What are the best ASX shares to buy for semiconductor exposure?

There's much hype about artificial intelligence, but that all requires massive computing power and hardware.

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It's been hard to ignore that artificial intelligence is a hot topic the last few months.

The generative engine ChatGPT opened in November and has quickly caught the imagination of the public.

There is even talk that Microsoft Corp (NASDAQ: MSFT), which is a major investor in the startup behind ChatGPT, could challenge Alphabet Inc (NASDAQ: GOOGL)'s two-decade domination of internet searches by injecting AI into Bing.

Already "a veritable rainforest of new AI startups is being freshly funded", according to Frazis Capital Partners portfolio manager Michael Frazis.

"While it won't be clear for some time which will win and which will fall…, one thing is certain: they will all [need] immense amounts of computing power," he said in a memo to clients.

"Power that, absent this revolution, may not have been required for many years."

As such, some investors are looking to gain exposure to companies involved in manufacturing computer chips or, their key ingredient, semiconductors.

The best semiconductor stocks in the world

Shaw and Partners portfolio manager James Gerrish was recently asked which are the best ASX shares of businesses involved in the semiconductor industry.

"When I think semiconductors, my first thoughts are international companies such as Qualcomm Inc (NASDAQ: QCOM), NVIDIA Corporation (NASDAQ: NVDA), Texas Instruments Incorporated (NASDAQ: TXN), Broadcom Inc (NASDAQ: AVGO), Intel Corporation (NASDAQ: INTC), Taiwan Semiconductors Mfg Co Ltd (NYSE: TSM), Samsung Electronics Co Ltd (KRX: 005930), etc," he said in a Market Matters Q&A.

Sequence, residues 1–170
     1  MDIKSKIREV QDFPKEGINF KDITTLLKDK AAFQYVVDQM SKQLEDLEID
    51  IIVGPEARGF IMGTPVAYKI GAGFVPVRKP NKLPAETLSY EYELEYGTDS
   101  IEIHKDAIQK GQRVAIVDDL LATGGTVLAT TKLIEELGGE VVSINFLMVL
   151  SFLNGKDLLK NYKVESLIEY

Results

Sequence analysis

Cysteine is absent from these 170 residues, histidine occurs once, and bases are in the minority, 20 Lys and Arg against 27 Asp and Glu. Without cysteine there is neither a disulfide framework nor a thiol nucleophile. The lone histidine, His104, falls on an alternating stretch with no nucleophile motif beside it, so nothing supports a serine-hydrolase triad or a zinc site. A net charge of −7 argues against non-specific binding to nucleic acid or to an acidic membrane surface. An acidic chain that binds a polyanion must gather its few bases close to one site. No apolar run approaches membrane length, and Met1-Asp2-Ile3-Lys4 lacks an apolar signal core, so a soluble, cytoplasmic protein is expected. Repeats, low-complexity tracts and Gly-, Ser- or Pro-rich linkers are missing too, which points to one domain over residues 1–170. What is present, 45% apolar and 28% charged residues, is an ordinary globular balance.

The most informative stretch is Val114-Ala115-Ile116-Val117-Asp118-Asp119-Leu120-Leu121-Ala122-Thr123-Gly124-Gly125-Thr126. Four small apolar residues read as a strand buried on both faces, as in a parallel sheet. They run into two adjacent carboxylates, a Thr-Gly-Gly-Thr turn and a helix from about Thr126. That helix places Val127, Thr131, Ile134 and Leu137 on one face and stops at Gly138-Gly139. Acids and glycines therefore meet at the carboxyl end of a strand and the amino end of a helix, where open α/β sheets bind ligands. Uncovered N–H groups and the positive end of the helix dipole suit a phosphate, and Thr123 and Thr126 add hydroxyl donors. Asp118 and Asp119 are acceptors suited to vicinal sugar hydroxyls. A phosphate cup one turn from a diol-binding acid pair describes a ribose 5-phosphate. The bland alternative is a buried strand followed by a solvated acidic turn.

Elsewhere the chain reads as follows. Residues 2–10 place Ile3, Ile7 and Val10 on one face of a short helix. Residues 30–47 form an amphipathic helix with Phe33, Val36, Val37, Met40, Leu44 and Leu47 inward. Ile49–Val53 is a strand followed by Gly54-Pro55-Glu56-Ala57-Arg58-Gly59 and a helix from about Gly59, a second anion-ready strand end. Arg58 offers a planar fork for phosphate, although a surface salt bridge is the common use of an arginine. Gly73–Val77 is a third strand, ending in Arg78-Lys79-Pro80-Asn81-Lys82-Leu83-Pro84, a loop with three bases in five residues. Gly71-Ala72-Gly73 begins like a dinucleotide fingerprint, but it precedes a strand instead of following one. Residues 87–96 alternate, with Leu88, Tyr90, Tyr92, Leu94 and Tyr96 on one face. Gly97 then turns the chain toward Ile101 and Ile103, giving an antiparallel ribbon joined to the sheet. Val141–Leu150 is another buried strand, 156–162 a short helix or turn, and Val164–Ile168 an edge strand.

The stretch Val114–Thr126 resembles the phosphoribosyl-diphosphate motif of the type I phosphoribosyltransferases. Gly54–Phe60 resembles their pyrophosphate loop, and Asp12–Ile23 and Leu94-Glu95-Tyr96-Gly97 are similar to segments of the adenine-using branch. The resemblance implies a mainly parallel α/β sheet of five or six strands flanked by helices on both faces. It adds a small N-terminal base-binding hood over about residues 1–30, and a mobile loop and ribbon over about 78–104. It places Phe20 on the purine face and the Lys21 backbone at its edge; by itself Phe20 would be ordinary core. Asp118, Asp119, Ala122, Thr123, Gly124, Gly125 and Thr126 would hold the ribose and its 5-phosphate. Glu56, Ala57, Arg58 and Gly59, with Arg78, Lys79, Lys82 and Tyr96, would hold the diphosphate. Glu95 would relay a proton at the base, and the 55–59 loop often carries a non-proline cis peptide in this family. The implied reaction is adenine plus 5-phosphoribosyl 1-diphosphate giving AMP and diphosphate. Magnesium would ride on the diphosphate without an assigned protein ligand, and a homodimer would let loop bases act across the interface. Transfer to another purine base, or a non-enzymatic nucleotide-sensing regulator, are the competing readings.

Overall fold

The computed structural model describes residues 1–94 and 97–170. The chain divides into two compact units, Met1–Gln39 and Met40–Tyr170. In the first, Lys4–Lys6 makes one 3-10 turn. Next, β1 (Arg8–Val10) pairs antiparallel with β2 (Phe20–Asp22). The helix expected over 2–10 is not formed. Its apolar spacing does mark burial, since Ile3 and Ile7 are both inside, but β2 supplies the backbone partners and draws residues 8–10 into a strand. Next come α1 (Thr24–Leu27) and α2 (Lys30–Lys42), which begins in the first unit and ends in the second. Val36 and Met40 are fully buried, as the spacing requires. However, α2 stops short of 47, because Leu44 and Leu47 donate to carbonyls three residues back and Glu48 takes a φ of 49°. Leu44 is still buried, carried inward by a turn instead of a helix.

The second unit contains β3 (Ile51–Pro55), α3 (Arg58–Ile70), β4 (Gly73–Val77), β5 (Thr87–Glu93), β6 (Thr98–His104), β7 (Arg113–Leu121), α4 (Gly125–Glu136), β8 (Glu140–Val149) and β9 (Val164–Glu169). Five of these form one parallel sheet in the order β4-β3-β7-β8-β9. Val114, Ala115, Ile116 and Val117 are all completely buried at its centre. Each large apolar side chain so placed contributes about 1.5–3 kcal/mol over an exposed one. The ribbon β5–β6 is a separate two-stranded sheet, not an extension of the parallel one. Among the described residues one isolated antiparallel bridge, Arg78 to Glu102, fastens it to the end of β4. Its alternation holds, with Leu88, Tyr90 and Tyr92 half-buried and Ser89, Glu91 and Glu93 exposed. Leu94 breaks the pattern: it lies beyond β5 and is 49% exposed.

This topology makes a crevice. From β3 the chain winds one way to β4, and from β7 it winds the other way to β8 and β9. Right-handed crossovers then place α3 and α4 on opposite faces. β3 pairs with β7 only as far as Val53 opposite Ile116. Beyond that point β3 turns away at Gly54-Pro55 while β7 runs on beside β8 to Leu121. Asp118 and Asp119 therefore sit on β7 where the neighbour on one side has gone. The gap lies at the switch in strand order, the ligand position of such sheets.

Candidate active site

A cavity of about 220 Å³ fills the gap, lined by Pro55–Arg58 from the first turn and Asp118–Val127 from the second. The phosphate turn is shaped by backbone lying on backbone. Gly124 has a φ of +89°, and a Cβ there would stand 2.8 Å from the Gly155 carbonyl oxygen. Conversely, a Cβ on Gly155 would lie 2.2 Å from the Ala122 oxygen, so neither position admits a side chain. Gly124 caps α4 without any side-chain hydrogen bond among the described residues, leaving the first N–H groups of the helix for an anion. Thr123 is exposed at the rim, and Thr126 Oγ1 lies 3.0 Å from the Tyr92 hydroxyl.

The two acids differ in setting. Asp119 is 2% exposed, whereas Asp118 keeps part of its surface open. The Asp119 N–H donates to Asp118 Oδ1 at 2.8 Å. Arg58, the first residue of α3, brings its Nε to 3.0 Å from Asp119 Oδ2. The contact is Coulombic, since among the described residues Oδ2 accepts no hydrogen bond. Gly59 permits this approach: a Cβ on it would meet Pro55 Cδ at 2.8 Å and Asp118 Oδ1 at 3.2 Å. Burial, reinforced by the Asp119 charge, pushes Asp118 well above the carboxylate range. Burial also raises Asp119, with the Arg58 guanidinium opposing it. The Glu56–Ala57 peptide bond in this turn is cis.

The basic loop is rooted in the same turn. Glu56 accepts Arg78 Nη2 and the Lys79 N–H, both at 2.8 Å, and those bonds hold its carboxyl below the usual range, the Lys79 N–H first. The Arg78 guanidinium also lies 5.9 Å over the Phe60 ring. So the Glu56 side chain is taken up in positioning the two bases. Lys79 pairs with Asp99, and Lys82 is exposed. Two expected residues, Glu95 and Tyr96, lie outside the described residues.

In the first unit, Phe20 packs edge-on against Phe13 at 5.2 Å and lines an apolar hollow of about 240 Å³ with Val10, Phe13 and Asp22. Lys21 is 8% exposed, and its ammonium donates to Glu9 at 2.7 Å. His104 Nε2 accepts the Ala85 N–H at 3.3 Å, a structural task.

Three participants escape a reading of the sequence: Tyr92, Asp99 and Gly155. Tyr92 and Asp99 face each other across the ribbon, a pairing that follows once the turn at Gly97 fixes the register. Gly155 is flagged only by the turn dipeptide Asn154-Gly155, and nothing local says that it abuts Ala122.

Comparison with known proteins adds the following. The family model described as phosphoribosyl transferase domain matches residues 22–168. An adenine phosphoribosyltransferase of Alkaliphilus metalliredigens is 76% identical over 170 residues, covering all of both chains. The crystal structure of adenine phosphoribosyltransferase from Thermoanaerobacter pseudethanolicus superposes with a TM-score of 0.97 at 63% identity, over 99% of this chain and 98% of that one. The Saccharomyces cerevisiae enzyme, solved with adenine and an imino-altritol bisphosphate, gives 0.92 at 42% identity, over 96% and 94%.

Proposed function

"Unfortunately there are no companies of this magnitude on the ASX."

So Gerrish suggested the next best option could be exchange-traded funds. But again, they are overseas shares.

"Two of our preferred ETFs to gain exposure to the semiconductor markets are the iShares Semiconductor ETF (NASDAQ: SOXX) and the VanEck Semiconductors ETF (NASDAQ: SMH)," he said.

"Locally, at this stage, there aren't any companies on the Market Matters radar."

Frazis took the example of Nvidia to demonstrate how critical computer chips are to power an AI-driven future.

"Nvidia is partnering with Mercedes Benz Group AG (ETR: MBG) to power their next generation of cars from 2024, including level 4 autonomy, over-the-air updates, and best-in-class safety and convenience applications," he said.

"Nvidia is a small position for us, bought at lower prices, but their 81% market share in AI processing is now more relevant than ever."

Suzanne Frey, an executive at Alphabet, is a member of The Motley Fool’s board of directors. Motley Fool contributor Tony Yoo has positions in Alphabet and Microsoft. The Motley Fool Australia's parent company Motley Fool Holdings Inc. has positions in and has recommended Alphabet, Intel, Microsoft, Nvidia, Qualcomm, Taiwan Semiconductor Manufacturing, and Texas Instruments. The Motley Fool Australia's parent company Motley Fool Holdings Inc. has recommended Broadcom and has recommended the following options: long January 2023 $57.50 calls on Intel, long January 2025 $45 calls on Intel, and short January 2025 $45 puts on Intel. The Motley Fool Australia has recommended Alphabet and Nvidia. The Motley Fool has a disclosure policy. This article contains general investment advice only (under AFSL 400691). Authorised by Scott Phillips.

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